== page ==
A few weeks ago, I posted about VMs being squeezed between containers and metal. That observation comes from our experience fielding the latest metal provisioning feature sets for OpenCrowbar; consequently, so it’s exciting to see the team has cut the next quarterly release: OpenCrowbar v2.2 (aka Camshaft). Even better, you can top it off with official software support.
Dual overhead camshaft housing by Neodarkshadow from Wikimedia Commons
The Camshaft release had two primary objectives: Integrations and Services. Both build on the unique functional operations and ready state approach in Crowbar v2.
1) For Integrations, we’ve been busy leveraging our ready state API to make physical servers work like a cloud. It gets especially interesting with the RackN burn-in/tear-down workflows added in. Our prototype Chef Provisioning driver showed how you can use the Crowbar API to spin servers up and down. We’re now expanding this cloud-like capability for Saltstack, Docker Machine and Pivotal BOSH.
2) For Services, we’ve taken ops decomposition to a new level. The “secret sauce” for Crowbar is our ability to interweave ops activity between components in the system. For example, building a cluster requires setting up pieces on different systems in a very specific sequence. In Camshaft, we’ve added externally registered services (using Consul) into the orchestration. That means that Crowbar will either use existing DNS, Database, or NTP services or set it’s own. Basically, Crowbar can now work FIT YOUR EXISTING OPS ENVIRONMENT without forcing a dedicated Crowbar only services like DHCP or DNS.
In addition to all these features, you can now purchase support for OpenCrowbar from RackN (my company). The Enterprise version includes additional server life-cycle workflow elements and features like HA and Upgrade as they are available.
There are AMAZING features coming in the next release (“Drill”) including a message bus to broadcast events from the system, more operating systems (ESXi, Xenserver, Debian and Mirantis’ Fuel) and increased integration/flexibility with existing operational environments. Several of these have already been added to the develop branch.
Last Wednesday (3/11/15), I had the privilege of talking with the vBrownBag crowd about Functional Ops and bare metal deployment. In this hour, I talk about how functional operations (FuncOps) works as an extension of ready state. FuncOps is a critical concept for providing abstractions to scale heterogeneous physical operations.
Timing for this was fantastic since we’d just worked out ESXi install capability for OpenCrowbar (it will exposed for work starting on Drill, the next Crowbar release cycle).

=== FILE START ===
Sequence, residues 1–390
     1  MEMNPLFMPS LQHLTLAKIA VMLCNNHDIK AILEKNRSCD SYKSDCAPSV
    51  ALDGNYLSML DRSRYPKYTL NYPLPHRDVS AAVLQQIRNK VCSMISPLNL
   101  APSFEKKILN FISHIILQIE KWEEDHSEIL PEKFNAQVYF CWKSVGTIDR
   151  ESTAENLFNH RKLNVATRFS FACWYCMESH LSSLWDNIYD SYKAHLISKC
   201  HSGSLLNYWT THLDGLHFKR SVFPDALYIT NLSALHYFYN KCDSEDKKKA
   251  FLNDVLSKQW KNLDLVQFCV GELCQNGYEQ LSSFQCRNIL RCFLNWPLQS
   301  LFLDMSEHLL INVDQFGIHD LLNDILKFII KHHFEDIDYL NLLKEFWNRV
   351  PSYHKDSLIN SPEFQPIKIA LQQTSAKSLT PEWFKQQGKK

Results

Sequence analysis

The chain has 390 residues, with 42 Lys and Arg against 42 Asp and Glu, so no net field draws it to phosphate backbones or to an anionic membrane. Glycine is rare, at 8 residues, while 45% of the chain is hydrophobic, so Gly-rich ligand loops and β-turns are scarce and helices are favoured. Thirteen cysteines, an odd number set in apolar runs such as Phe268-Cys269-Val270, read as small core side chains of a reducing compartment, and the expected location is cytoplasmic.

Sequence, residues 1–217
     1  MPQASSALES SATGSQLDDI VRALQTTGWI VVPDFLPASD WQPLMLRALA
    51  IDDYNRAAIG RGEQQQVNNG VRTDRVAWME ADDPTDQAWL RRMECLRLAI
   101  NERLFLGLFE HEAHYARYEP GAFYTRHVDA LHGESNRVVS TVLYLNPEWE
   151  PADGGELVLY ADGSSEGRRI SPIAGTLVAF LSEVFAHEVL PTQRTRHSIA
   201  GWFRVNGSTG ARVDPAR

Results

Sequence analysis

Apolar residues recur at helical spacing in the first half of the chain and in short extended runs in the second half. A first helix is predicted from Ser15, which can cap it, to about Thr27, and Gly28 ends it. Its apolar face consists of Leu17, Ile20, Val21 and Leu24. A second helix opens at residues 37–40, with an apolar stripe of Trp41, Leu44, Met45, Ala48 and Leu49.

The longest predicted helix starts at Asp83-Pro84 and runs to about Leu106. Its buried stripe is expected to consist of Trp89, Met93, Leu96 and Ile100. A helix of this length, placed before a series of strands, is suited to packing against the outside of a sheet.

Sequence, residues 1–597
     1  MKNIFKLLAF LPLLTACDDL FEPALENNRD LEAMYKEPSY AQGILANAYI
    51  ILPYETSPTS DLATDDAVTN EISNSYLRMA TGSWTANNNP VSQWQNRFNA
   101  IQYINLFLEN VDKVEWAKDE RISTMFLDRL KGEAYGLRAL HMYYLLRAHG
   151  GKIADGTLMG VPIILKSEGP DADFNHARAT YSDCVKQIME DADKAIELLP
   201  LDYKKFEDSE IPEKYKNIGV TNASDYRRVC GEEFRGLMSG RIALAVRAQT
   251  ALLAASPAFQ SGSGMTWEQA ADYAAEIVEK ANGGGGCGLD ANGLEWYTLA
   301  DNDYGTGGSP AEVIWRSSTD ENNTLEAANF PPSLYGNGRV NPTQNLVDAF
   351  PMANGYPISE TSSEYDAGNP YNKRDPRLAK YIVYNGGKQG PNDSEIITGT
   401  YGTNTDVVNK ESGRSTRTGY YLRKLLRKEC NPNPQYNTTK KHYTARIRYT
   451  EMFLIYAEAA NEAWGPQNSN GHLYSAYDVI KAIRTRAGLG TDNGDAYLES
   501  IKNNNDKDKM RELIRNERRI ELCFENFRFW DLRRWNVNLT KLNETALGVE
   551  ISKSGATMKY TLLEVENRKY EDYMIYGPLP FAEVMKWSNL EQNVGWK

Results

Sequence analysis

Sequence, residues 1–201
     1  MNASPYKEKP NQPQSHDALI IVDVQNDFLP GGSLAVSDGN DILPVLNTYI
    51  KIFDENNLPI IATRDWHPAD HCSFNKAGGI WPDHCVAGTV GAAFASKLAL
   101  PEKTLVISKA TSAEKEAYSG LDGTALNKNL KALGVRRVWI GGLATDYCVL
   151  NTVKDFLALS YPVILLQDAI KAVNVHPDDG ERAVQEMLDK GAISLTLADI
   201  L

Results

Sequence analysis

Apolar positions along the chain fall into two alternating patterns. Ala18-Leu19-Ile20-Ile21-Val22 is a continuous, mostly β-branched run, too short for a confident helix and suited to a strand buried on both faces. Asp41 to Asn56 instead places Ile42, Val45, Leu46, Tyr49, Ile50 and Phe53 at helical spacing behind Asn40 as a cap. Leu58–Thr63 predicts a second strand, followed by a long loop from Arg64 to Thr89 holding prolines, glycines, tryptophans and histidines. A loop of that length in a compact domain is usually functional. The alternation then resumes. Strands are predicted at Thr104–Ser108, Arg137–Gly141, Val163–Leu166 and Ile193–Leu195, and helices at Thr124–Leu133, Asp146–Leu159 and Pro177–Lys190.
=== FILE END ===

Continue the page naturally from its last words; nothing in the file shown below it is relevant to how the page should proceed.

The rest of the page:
Add hosts range “192.168.124.[81:83] ansible_ssh_user=root” to the
If you are really lazy, add “[Default] // host_key_checking = False” to your “~/.ansible.cfg” file
now ping the hosts, “ansible all -m ping”
pat yourself on the back, you’re done.
to show off:
touch all machines “ansible all -a “/bin/echo hello”
look at types of Linux “ansible all -a “uname -a”
Further integration work can make this even more powerful.
I’d like to see OpenCrowbar generate the Ansible inventory file from the discovery data and to map Ansible groups from deployments. Crowbar could also call Ansible directly to use playbooks or even do a direct hand-off to Tower to complete an install without user intervention.
Building cloud infrastructure requires a rock-solid foundation.
In this hour, Rob Hirschfeld will demo automated tooling, specifically OpenCrowbar, to prepare and integrate physical infrastructure to ready state and then use PackStack to install OpenStack.
The OpenCrowbar project started in 2011 as an OpenStack installer and had grown into a general purpose provisioning and infrastructure orchestration framework that works in parallel with multiple hardware vendors, operating systems and devops tools. These tools create a fast, durable and repeatable environment to install OpenStack, Ceph, Kubernetes, Hadoop or other scale platforms.
Rob will show off the latest features and discuss key concepts from the Crowbar operational model including Ready State, Functional Operations and Late Binding. These concepts, built into Crowbar, can be applied generally to make your operations more robust and scalable.
With the OpenCrowbar v2.1 out, I’ve been asked to update the video library of Crowbar demos. Since a complete tour is about 3 hours, I decided to cut it down into focused demos that would allow you to start at an area of interest and work backwards.
I’ve linked all the videos below by title. Here’s a visual table on contents:
Crowbar v2.1 demo: Visual Table of Contents [click for playlist]
The heart of the demo series is the Annealer and Ready State (video #3).